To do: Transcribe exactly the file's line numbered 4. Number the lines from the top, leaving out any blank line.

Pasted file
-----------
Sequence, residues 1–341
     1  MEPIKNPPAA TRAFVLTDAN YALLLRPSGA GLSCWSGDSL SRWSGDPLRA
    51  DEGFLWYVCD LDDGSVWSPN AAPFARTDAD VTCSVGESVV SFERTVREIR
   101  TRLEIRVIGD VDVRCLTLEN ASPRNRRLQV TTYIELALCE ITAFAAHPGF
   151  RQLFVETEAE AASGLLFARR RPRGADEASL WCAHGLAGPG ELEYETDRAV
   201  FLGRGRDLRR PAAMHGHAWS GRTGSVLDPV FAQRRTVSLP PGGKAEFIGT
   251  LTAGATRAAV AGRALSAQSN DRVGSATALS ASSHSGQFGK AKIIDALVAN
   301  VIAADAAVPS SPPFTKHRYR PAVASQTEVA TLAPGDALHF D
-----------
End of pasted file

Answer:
   101  TRLEIRVIGD VDVRCLTLEN ASPRNRRLQV TTYIELALCE ITAFAAHPGF